July 6, 2024
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July 6, 2024
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Linking Northern and Central NJ, Bronx, Manhattan, Westchester and CT

For Jews steeped in their heritage, there are two mountains of significance: Mount Moriah and Mount Sinai. The former evokes Abraham’s faith in Hashem; the latter evokes Hashem’s faith in Abraham’s descendants. To past generations of Jews in this geographic area weathering the stifling and oppressive heat that blankets New York’s five boroughs and beyond, there was a period of time in American Jewish history when the term “mountains” took on an additional meaning. Meaning no disrespect to the aforementioned two mountains, the Catskill mountains became a new and welcome addition to the vocabulary of immigrant Jews to this country going back over 50 years ago. Given their Eastern European accents, the Catskill mountains were simply referred to as the “muhntns.” Although the resort hotels and kochalayns (lit. cook yourself) summer cottages where you cooked your own meals) have been relegated to nostalgia, with summer vacation soon beckoning, it would behoove us to recall the following Yiddish vocabulary associated with a world that once was.

HEETZ (heat). What’s worse than 90-degree days? Ninety-degree days with ninety percent humidity. Once air conditioners were introduced, it took a few decades for them to become a household item. Initially, air conditioners were limited to movie theaters. The heetz was so unbearable that New York apartment-dwellers took to sleeping on the fire escape or in the park. The Yiddish lament was meh kenn dehrshteekkt vehren (one can suffocate) in that the air was too saturated with humidity making it difficult to breath.

SHVAYS (perspiration). In verb form, shvays becomes shvitz. Of interest, “parilka,” the Russian word for steam bath, never found its way into Yiddish. Why the Yiddish language did not adopt shvays bohd and chose shvitz bohd to mean steam bath is beyond me as well. The remedy for the unbearable heat of the city was to head to the “muhntns.” Dortn kenn men zich opprooen oon zich oppkeeln (There, one can relax and cool off).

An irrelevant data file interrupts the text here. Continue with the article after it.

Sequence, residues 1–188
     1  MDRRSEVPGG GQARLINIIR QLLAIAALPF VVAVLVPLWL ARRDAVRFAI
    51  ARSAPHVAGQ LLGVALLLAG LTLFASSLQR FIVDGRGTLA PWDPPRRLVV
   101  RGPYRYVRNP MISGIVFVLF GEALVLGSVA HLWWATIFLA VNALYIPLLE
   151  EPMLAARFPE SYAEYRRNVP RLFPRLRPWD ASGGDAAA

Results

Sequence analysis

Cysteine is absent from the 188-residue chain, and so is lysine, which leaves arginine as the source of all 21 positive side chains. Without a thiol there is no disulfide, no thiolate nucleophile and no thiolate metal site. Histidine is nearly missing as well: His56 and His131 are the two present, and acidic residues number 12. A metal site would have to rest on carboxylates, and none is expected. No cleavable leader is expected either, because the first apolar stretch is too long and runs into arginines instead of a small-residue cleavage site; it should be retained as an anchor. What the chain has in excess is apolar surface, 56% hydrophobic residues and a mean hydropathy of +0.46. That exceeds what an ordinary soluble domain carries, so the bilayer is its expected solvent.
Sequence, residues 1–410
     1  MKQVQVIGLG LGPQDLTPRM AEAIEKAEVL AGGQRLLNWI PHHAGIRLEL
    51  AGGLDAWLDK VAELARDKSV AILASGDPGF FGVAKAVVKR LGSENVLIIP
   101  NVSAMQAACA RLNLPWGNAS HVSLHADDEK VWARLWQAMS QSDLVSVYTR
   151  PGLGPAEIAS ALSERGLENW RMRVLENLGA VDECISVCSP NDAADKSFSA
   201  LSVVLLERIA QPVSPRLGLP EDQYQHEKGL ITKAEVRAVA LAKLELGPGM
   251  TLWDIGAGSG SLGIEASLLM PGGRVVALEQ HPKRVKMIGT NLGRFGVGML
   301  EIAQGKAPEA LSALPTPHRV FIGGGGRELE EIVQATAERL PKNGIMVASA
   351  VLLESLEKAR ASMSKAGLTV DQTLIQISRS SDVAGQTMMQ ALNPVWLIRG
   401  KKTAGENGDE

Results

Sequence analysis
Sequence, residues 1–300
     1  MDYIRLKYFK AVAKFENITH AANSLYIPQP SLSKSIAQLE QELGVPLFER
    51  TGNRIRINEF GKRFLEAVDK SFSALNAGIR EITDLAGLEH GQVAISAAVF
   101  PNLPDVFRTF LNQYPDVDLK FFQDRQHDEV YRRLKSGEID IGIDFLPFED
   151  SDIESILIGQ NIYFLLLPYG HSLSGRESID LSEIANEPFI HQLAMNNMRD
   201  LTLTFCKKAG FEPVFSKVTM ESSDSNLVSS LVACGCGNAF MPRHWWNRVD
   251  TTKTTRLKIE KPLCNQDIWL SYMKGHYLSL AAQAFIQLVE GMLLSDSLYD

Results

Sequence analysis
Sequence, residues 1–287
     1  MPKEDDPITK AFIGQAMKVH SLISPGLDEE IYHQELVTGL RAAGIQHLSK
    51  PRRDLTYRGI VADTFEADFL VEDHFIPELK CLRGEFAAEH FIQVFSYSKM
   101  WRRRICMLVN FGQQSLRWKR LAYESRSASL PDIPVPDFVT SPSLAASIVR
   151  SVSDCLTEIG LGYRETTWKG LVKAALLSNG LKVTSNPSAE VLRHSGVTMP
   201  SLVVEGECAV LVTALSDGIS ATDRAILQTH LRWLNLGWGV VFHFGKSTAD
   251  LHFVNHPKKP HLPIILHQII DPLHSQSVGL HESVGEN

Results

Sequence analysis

OIF DAHTCHA (on vacation). Dahtcha (summer cottage) is borrowed from the Russian language. Less than a decade ago during this time of year, I received a phone call from the revered Rabbi Nota Greenblatt ZT”L of Memphis. I was still in the parking garage at Newark Airport in the rental car I had just picked up, as I had arrived from Dallas for a short visit back to NewJersey. Rabbi Greenblatt and I always conversed in Yiddish. I explained that currently I was not in Dallas. When Rabbi Greenblatt asked for clarification, I answered, “Ich bin oif dahtcha” (I’m on vacation). I knew that the term was not new to Rabbi Greenblatt. I also knew that it had been some time since Rabbi Greenblatt last heard it being used. My hunch is that “in the muhntns” supplanted oif dahtcha for most Yiddish-speaking New York Jews.

BORSHT (borscht). Did you know that borscht comes in two varieties? There is beet borscht and sorrel borscht. Some might even say that there is winter borscht (beet) and there is summer borscht (sorrel). The Ukrainian word for sorrel is “schavel,” hence the summer borscht being known as schav, served chilled with a dollop of sour cream. My father, a”h, would add diced cucumbers to his schav. At the resort hotels in the “muhntns,” it was a given that chilled glasses of schav would greet the diner as a forshpeiz (appetizer). This gave rise to referring to the “muhntns” as the “Borscht Belt.”

SHPILLEN IN KORTEN (play cards). Not everyone vacationing up in the”muhntns” had chilled schav waiting for them when they sat down at the table. Not everyone could afford a week or two at a resort hotel. Most made do in a kochalayn. Schlepping their own dishes, pots, and pans, families ate home cooking at every meal. For those vacationing up in the “muhntns,” there was one activity however that knew of no class distinction. And that was shpillen in korten. Men would while away the time as they got together for a friendly game of gin rummy or poker.

Alas, the heetz remains, but borsht is no longer the forshpeiz served to refresh. Shvays has been consigned to history, thanks to air conditioners. For many of us, Israel has replaced the “muhntns” when going oif dahtcha. As far as shpillen in korten, we no longer need worry about munchies and cold drinks. Computers are easy guests.


Rabbi Shawn Zell has recently returned to New Jersey, after serving at a pulpit in Dallas. He possesses certification in teaching Yiddish. Rabbi Zell is the author of three books.

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